Gold Coast property scheme promoter sentenced to 8.5 years in jail: How to spot big company fraud

Former shadow director of Capital Growth International Club and All About Property Developments Tony Silver has been sentenced to eight and a half years imprisonment for fraud totalling $1.815 million.

Following an Australian Securities and Investments Commission (ASIC) investigation, Mr Silver pleaded guilty to misappropriating the funds between April 2009 and June 2010 from the two scheme companies.

Mr Silver led all decisions made over the cash invested in the companies, which added up to $9 million from investors between 2008 and 2010 — many of whom were pensioners.

Mr Silver pleaded guilty to transferring big chunks of this money into his personal accounts, making payments to company employees and paying returns to other investors.

In delivering the sentence, Judge Vicki Loury KC remarked on the “significant” impact of Mr Silver’s fraud on the victims and the financial and psychological cost they endured.

Many of the scheme companies’ investors were approached via telemarketing, cold calls, or word of mouth. They were promised big rewards if they handed their hard-earned cash over to Mr Silver.

And this is not an uncommon occurrence. Just this week, the Australian Competition and Consumer Commission revealed that scammers, hackers and fraudsters stole $3.1 billion from Australians in 2022.

So how can investors ensure they don’t fall victim to these traps?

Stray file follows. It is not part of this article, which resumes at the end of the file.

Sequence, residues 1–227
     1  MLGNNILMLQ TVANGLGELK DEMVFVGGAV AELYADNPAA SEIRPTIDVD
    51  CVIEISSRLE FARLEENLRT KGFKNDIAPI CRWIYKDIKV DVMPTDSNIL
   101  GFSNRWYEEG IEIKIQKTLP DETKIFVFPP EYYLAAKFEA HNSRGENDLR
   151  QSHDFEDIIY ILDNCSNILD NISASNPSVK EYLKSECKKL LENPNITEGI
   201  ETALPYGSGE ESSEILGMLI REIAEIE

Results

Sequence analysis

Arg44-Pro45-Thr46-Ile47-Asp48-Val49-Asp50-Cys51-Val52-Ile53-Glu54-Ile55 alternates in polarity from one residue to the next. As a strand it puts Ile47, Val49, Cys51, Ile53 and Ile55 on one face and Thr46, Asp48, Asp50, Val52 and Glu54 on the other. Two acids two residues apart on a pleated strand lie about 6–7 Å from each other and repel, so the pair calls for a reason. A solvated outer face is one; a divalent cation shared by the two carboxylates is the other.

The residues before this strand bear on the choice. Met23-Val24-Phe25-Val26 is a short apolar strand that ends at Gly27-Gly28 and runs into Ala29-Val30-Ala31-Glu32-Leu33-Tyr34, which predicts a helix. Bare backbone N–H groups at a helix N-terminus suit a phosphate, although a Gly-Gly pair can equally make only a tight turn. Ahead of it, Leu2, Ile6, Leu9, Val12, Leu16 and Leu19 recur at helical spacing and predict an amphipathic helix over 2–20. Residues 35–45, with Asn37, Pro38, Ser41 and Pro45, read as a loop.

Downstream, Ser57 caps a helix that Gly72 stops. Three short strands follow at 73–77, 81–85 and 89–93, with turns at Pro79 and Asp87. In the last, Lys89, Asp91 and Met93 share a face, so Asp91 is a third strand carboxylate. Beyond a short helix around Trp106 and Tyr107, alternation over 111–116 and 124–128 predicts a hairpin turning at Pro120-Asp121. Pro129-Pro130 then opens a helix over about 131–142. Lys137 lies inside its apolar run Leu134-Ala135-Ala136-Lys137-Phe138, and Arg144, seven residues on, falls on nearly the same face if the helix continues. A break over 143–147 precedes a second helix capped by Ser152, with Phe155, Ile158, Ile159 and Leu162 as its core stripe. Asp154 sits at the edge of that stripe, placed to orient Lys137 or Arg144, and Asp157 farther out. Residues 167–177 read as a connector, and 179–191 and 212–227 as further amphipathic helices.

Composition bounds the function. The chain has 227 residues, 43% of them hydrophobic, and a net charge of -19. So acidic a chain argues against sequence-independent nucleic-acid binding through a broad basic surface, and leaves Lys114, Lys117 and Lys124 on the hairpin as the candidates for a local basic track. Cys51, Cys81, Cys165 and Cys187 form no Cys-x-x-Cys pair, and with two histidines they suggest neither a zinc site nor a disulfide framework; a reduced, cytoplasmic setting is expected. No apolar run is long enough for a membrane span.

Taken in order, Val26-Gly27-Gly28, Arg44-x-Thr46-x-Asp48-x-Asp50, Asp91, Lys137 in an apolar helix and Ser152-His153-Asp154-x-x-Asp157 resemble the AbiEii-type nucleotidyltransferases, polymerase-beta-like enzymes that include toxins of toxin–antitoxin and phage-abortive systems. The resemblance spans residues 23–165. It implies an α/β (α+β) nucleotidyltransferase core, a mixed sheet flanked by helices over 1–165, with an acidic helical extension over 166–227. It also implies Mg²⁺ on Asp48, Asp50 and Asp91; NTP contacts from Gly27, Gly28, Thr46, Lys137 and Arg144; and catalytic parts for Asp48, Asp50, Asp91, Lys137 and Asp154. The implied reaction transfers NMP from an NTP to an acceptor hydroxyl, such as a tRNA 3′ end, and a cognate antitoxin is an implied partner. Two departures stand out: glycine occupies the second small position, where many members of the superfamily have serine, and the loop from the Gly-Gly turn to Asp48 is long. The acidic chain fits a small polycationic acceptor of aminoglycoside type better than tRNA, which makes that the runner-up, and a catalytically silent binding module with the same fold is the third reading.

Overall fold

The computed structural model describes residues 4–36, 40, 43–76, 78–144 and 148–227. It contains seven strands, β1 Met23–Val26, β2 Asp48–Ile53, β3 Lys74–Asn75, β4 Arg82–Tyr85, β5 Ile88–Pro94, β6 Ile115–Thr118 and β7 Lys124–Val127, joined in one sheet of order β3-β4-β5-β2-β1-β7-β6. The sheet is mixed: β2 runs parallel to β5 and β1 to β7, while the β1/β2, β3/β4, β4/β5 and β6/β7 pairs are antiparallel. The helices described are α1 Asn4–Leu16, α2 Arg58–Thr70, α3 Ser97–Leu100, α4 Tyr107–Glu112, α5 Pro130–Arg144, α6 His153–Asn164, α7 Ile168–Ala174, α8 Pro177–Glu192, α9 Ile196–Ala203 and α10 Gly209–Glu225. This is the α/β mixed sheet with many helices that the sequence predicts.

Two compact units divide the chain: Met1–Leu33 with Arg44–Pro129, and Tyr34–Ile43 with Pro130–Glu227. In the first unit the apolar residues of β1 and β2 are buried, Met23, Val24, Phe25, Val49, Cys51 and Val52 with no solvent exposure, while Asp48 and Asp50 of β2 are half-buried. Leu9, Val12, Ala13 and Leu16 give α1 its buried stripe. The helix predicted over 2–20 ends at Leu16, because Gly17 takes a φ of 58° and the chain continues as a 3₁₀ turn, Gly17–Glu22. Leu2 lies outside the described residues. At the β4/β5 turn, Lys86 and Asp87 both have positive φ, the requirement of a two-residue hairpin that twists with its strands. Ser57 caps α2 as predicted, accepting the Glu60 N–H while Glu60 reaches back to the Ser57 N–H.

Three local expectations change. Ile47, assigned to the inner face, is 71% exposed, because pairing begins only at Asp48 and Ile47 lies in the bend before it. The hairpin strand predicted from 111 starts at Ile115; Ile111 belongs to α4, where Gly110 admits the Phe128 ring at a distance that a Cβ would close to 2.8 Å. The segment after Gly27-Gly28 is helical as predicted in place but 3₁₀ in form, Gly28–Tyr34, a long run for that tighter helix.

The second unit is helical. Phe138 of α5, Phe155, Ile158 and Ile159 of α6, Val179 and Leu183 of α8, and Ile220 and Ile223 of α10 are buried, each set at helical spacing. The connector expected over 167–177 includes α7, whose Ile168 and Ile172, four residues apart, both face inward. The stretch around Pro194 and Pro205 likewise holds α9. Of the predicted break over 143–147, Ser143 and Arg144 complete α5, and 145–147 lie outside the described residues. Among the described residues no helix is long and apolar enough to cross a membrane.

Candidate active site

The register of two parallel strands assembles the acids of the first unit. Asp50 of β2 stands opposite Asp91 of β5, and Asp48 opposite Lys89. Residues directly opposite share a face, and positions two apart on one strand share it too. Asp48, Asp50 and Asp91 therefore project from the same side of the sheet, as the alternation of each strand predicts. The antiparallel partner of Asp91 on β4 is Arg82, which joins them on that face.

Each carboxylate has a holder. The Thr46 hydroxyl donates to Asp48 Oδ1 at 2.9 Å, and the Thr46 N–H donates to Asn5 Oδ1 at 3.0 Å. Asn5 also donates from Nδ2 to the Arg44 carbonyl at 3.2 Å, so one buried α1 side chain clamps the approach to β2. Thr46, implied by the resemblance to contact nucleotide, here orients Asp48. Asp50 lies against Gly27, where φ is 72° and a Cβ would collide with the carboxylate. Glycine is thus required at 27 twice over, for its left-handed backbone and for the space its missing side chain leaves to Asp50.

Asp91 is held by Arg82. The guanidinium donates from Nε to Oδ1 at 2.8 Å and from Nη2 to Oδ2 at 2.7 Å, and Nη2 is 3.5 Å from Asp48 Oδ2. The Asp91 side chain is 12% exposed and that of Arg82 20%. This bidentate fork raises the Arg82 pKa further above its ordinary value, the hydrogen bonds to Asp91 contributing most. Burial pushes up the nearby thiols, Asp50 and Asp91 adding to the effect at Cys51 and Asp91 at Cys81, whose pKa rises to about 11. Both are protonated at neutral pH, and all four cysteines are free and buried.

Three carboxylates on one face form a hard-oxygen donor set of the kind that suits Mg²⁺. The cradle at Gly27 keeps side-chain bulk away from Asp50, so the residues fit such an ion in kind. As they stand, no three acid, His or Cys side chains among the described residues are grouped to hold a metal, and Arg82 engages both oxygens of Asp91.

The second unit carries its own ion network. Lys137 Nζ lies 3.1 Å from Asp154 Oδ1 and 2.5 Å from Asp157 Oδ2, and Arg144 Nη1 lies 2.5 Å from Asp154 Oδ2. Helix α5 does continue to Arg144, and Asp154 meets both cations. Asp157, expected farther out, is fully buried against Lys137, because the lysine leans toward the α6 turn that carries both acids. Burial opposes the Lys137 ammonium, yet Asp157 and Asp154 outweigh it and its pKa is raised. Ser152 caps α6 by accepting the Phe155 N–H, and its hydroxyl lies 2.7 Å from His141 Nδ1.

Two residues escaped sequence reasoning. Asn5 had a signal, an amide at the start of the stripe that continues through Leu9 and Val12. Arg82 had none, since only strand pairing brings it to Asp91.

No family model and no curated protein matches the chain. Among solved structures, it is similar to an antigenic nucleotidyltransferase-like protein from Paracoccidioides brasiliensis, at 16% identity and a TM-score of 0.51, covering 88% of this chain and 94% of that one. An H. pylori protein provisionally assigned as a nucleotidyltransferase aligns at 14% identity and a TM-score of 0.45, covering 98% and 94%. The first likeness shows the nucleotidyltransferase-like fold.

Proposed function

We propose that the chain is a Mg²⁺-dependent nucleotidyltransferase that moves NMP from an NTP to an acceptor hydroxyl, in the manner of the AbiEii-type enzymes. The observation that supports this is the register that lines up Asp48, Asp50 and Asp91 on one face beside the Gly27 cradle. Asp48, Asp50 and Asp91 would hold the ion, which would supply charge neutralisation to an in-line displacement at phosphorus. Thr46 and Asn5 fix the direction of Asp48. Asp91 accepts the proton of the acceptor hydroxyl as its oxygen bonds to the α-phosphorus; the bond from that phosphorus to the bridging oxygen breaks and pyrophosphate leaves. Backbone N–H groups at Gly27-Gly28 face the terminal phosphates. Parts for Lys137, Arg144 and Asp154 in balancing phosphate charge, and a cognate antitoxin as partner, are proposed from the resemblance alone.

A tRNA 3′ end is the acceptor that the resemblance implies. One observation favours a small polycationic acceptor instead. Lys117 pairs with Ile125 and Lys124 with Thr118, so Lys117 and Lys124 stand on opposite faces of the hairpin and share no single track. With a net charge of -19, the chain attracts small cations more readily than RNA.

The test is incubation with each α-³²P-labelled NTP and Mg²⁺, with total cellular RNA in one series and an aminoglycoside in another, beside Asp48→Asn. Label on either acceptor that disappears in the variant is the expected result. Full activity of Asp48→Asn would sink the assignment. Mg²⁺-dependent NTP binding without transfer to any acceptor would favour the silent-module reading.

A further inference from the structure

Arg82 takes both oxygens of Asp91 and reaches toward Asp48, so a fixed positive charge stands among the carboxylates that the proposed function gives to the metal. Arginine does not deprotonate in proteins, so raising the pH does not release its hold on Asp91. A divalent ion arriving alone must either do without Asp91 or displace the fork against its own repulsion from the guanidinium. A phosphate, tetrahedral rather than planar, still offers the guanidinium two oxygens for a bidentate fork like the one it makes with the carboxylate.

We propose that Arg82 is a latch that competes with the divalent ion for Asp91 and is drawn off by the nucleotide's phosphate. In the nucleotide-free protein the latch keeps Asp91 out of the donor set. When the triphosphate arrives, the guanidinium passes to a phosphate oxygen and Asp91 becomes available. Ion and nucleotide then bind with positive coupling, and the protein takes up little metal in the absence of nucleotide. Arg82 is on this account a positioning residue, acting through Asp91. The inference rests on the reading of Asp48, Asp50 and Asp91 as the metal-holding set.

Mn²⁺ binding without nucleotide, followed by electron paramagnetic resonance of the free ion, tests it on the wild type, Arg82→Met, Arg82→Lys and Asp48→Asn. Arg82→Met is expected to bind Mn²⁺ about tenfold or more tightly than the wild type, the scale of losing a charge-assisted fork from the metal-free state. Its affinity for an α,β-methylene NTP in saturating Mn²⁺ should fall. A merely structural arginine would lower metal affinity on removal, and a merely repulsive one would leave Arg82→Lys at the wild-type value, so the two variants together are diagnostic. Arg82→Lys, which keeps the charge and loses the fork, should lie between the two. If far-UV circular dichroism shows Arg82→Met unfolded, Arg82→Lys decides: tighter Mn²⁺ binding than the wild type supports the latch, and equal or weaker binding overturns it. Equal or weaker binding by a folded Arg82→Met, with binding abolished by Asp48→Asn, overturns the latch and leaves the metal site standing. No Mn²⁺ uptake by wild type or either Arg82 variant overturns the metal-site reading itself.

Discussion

“If it sounds too good to be true … it probably is”

ASIC Moneysmart spokesperson Andrew Dadswell said investors must be wary of any company that contacts its investors to offer loans or opportunities via telephone.

“Do your own checks on any opportunity to make sure it’s real,” Mr Dadswell said.

“Be wary if a company contacts you to offer an investment opportunity out of the blue; don’t just rely on the information they give you to make an investment decision.

“Information should never be solely trusted without being verified by an independent source first, and if it sounds too good to be true, most of the time it probably is.”

In Mr Silver’s case, investors were told that their funds would be used to develop property in Tasmania or be pooled and invested in bank term deposits with investment returns of up to 15-20 per cent.

Some investors were even convinced to borrow against their homes to invest with the scheme companies.

The matter was prosecuted by the Commonwealth Director of Public Prosecutions after receiving a referral of evidence from ASIC, which set Mr Silver a non-parole period of two and a half years.

According to ASIC’s Moneysmart website, investors must be mindful of warning signs before investing in any company and also keep an eye out for signs that their investment may be in the hands of a fraudulent business.

A clear warning sign can often be if a company continues to raise funds but never clearly states where these funds are going. A lack of exploration, research and development, or business operation updates from a company can be a sign the invested funds aren’t being used honestly.

The taking on of loans, asset sales or purchase agreements with related parties where there is no clear business purpose is another tactic used by fraudulent company owners.

“If you’re looking to invest in a company, make sure you do your research. Read the prospectus carefully, especially if they’re issuing new shares on the market,” Mr Dadswell said.

ASIC’s Moneysmart also provides Australians with a list of companies to avoid who have made unsolicited calls and emails about financial services or products and who did not hold a current Australian financial services (AFS) licence or Australian credit licence from ASIC.

This list can be accessed from the Moneysmart website.

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